Fascinating singer-songwriter offers a dreamy collection, with songs influenced by Joni Mitchell, faith, love, war and, er, Nigel.

Length:10 tracks / 42 mins
Label: self-released - www.deborahrose.co.uk

Even before hearing a note, I found Rose’s story intriguing.

The English singer-songwriter had Robert Plant on backing vocals on her Wilde Wood album, has sung for former Democrat presidential candidate Marianne Williamson, and is endorsed by singer Mary Gautier. She has toured with Jimmy Webb, Ralph McTell and Fairport Convention. She has helped rehabilitation of prisoners, worked with children and dementia patients, and promoted the charity Planting for Hope in Uganda.

Some tracks on this disc were written in unusual places: one in the home of Eva Cassidy’s parents; at least one in the Crete cave where Joni Mitchell wrote Blue; and another was started at the chapel in Balmoral, while sitting opposite Queen Elizabeth II.
So the music had a lot to live up to, and initially I was disappointed, as the tremor in her singing style seemed a little retro, evocative of some influential ‘60s and ‘70s artists. However, subsequent listens revealed a gentle, dreamy collection, with moments that you want to last longer.

Rose’s motivating faith comes to the fore from the start, as in “Wrestling with Angels,” she sings of looking heavenward, sensing unbounded grace and a fuller glory. The theme follows in “Grace Go I,” which gently celebrates the “strength of God’s repair.” It was partly inspired by Rose’s prisons work, but also by people she met on a long Greyhound bus trip.

The key sound of this self-released and largely self-penned collection is Rose’s voice, low-key, confessional and intimate, drawing you close to listen (in purer moments, she sounds a little like Eva Cassidy; in more aching phrases, she often brings Karen Bergquist to mind). Any other backing is slim and discreet, except for the more rhythmic “Willow of the Canyon,” where the tick-tock guitar notes and rare percussion drive the song forward beautifully. Producer and multi-instrumentalist Ben Walsh plays most instrumental parts on the album.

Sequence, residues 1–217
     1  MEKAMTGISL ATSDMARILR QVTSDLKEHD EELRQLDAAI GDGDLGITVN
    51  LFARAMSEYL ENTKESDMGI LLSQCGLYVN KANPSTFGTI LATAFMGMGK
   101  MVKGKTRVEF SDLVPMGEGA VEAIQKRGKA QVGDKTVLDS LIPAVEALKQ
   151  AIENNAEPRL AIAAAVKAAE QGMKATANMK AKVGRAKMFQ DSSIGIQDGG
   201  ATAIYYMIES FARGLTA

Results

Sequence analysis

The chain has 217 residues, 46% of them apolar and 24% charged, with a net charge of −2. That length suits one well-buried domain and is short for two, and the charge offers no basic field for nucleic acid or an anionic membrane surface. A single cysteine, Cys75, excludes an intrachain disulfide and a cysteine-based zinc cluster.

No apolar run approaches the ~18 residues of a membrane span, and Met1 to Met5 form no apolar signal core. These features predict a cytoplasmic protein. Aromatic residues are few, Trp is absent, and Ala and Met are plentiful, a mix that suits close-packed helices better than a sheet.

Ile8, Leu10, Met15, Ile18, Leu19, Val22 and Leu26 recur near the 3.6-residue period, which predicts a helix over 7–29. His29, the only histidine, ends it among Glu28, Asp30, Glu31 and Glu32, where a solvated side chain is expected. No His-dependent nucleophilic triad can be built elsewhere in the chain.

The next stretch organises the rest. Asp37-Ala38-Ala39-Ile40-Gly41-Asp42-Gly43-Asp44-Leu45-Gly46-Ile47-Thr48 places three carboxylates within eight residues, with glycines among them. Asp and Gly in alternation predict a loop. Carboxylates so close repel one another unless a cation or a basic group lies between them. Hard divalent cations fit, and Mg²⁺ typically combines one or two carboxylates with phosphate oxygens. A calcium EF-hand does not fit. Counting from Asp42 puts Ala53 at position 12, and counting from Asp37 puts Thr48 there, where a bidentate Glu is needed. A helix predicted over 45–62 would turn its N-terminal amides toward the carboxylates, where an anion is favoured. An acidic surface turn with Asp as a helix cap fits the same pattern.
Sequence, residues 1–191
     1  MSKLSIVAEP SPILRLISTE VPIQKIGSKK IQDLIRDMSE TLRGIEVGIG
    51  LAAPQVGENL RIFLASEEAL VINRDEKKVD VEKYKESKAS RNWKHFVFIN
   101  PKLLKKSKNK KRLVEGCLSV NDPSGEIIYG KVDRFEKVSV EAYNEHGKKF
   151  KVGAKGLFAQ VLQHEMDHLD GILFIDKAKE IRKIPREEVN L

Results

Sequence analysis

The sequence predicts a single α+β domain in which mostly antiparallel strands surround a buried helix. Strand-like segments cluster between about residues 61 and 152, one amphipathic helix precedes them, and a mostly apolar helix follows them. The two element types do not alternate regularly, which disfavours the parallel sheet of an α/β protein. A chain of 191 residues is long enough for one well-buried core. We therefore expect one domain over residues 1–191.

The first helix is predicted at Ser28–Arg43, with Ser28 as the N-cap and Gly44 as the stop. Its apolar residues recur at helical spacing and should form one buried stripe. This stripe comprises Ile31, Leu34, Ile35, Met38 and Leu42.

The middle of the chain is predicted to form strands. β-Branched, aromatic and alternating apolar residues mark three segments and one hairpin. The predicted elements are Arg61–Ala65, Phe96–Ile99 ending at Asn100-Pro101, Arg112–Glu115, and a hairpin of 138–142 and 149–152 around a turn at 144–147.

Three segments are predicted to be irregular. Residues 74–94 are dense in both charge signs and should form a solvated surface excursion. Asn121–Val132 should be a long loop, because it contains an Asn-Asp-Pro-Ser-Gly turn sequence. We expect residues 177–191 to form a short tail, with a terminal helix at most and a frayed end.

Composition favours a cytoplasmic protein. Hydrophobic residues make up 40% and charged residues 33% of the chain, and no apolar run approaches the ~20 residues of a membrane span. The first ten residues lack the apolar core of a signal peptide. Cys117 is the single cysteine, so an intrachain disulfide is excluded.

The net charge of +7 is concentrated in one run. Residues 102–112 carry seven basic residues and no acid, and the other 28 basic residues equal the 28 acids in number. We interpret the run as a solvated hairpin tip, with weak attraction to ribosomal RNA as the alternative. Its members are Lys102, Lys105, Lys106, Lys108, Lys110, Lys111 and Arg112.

Displaying the range of tracks here, among the songs of introspection and love sit two lyrically contrasting works: one about the murderous nobleman “Bluebeard,” based on a French fable, and one inspired by a newspaper report about the world’s loneliest bird, “Nigel,” a gannet that fell in love with a concrete decoy.  

Joni Mitchell fans will recognise reference points in both “Basket of Roses” and the wonderful “Willow of the Canyon.” These will be the songs penned in Crete, then.

Rose has a degree in English Literature and that passion surfaces here.  The poet A. E. Housman has had quite an airing since the centenary of the First World War began, with artists such as Show of Hands adapting his “The Lads in their Hundreds” for song. Remarkably, both that and “The Recruit” (recorded here) predated the war by some two decades. Her breathy vocal and a minimalist production give it a suitably portentous and atmospheric mood.
The final track is a judicious co-write with Christina Nichols, who contributes piano and backing vocals to the sparsely beautiful song (apparently only completed the day before recording). It works well as a final track, its key line hovering in the head long after the music has stopped playing.

The inner cover is sprinkled with those lyrics, asserting, “I don’t want to swim in shallow waters, take me to the ocean.” Rose has an MA in songwriting and this mellow set displays that depth.

Derek Walker